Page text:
In 1997 when I was fixing to move to Northern New Brunswick, I knew I wasn’t properly outfitted for winters there. So I headed down to the Hudson Trail Outfitters at Fairfax Circle and picked myself up a Columbia Double Whammy 3-in-1 Jacket and matching pants. For those of you as bad at math as I am, that makes these here items over 20 years old, and apparently, bombproof.
They’ve seen -40C winter temps, snow to the waist, fall and spring torrential rain, gas and grease from snowblowers and cars, and just about anything else you could imagine. Other than a nice ‘patina’ and some frayed edges that actually add character, they are no worse for wear. Full disclosure, I did have a new zipper put on the jacket in/around 2002 or so, but other than tossing them in the washer and dryer occasionally, that’s it – no rips or tears or anything else.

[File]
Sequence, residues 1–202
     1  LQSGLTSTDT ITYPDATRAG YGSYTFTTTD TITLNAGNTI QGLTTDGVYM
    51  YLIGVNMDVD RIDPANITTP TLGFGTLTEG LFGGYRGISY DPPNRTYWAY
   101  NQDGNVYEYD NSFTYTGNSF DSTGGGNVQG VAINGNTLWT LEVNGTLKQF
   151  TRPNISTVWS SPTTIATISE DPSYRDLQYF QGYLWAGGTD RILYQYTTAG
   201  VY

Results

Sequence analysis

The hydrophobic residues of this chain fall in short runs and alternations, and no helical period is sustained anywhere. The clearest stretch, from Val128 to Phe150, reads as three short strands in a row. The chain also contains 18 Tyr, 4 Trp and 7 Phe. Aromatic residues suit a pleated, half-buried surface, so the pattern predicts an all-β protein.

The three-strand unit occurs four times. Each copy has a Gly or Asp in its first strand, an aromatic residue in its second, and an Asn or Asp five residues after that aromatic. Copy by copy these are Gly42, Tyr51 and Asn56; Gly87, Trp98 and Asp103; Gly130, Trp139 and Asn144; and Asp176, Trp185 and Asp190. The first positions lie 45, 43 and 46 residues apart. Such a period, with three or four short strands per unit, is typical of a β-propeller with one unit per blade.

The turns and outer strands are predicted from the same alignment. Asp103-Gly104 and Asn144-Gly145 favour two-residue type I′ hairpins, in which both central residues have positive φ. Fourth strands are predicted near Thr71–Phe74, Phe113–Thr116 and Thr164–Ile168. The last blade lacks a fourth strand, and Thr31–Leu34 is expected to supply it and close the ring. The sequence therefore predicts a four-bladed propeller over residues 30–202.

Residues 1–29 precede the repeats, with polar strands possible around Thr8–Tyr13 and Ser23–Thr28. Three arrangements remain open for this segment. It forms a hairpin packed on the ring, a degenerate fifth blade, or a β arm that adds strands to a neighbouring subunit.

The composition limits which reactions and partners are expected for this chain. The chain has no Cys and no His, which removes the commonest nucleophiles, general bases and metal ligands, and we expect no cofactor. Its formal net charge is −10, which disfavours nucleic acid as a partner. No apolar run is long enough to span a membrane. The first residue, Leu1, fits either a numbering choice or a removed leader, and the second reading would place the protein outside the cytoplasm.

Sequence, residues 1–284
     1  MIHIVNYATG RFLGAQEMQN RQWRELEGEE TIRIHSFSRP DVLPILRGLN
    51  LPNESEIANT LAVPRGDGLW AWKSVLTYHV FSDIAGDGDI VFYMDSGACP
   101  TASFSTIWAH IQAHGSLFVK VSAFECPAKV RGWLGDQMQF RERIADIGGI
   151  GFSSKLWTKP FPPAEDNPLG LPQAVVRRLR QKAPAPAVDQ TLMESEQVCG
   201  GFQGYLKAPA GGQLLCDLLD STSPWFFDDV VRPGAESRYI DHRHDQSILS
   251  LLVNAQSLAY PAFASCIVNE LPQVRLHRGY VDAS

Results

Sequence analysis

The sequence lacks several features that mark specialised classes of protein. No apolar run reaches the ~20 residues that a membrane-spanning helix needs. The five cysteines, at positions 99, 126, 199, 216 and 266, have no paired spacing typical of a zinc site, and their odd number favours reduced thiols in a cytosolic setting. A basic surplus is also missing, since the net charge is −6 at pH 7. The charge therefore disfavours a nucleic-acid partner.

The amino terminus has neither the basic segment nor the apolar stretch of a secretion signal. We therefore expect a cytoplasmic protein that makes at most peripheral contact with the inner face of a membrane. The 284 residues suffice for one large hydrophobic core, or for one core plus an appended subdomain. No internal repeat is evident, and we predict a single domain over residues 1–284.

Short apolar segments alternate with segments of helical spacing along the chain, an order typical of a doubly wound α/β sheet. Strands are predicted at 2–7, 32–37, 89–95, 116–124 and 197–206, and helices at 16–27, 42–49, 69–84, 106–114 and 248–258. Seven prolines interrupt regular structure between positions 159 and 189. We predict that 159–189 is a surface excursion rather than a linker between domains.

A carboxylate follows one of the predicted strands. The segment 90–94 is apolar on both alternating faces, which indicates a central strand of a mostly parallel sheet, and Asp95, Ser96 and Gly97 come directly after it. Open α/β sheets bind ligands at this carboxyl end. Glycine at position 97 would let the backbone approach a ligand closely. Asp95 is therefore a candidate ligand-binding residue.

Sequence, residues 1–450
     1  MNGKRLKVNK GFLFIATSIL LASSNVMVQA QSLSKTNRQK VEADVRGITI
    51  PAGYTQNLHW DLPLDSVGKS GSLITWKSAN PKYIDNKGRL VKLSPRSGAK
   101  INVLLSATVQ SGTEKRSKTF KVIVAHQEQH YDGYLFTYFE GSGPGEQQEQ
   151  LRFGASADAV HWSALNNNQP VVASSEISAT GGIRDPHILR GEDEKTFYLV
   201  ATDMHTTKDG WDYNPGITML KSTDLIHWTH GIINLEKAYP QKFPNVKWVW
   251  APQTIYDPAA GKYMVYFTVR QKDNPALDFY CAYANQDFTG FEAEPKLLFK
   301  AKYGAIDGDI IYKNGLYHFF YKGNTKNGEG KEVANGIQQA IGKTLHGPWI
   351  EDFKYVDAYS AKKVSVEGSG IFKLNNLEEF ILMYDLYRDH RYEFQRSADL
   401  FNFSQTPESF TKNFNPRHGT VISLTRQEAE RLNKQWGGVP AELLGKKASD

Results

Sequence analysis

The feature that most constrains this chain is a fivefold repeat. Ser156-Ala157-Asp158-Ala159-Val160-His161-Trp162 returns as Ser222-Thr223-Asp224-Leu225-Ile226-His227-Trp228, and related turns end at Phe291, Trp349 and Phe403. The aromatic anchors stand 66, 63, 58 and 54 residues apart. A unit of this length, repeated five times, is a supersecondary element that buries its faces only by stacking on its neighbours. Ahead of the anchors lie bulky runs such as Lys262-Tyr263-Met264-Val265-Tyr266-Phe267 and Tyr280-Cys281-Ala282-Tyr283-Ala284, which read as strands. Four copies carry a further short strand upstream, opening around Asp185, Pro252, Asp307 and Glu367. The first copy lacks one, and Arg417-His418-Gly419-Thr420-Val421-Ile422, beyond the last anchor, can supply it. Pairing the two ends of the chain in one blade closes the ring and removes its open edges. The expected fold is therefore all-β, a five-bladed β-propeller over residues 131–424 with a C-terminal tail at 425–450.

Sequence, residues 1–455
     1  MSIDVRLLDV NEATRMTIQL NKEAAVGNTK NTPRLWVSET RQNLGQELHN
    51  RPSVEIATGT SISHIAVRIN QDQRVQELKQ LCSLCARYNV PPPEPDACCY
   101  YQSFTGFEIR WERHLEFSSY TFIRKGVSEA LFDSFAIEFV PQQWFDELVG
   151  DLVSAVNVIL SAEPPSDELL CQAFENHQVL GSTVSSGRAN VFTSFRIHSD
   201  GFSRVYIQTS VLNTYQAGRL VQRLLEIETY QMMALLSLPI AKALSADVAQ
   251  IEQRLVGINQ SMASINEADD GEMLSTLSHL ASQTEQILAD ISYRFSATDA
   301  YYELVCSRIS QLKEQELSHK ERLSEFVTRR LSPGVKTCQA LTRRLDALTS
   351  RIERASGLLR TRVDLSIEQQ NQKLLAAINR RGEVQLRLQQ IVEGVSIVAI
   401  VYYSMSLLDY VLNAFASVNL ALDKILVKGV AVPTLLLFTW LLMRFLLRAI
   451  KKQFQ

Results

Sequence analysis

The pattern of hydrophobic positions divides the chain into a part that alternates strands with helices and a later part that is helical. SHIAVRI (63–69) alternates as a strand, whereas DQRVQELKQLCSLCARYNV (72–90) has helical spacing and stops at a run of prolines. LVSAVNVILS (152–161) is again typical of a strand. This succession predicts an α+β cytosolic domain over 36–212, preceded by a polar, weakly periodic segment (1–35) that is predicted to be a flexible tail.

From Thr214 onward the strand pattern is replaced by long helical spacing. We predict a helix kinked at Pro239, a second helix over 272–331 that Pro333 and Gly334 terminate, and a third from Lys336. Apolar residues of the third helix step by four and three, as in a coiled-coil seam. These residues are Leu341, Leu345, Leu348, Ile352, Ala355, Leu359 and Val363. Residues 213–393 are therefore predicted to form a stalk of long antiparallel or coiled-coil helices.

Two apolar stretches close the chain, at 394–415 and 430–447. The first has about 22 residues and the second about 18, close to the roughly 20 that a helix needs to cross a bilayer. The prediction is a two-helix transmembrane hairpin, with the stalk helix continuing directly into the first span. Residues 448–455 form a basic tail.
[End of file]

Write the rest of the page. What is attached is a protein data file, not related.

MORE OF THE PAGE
I probably could have hit them with a coat of fresh waterproofer once in awhile, but I never bothered. They are no longer their sexy, shiny brand new selves, but they are the go-to foul weather ‘gotta get out in the cold and the dark and the nasty to fix something’ kit that I reach for. The durability and the versatility of the removable liner (in essence, it’s 3 jackets – shell, liner and combined), copious pockets, arm pit vents, removable hood and velcro cuffs has made it a joy to wear all these years.
I think, other than maybe a Swiss Army Knife I got as a kid, it’s the oldest piece of ‘outdoor gear’ I have and it shows no signs of quitting.
From fixing busted shear pins in finger numbing temps to solitary snowshoe expeditions into the heart of winter – this bad boy has seen it’s fair share of both swear words and transcendent moments and is as welcoming as an old friend every time I put it on.
Rode my first cyclocross race today and it was a blast. A quick recap.
I missed out on the holeshot at the start due to a huge group of riders in front of me at the start. I decided to start way at the back to make things more interesting. I enjoy the challenge of fighting up through the ranks and it makes things much more engaging for the fans at home watching on tv. ‘He came from the back of the pack’ has such a great ring to it and looks fabulous in print.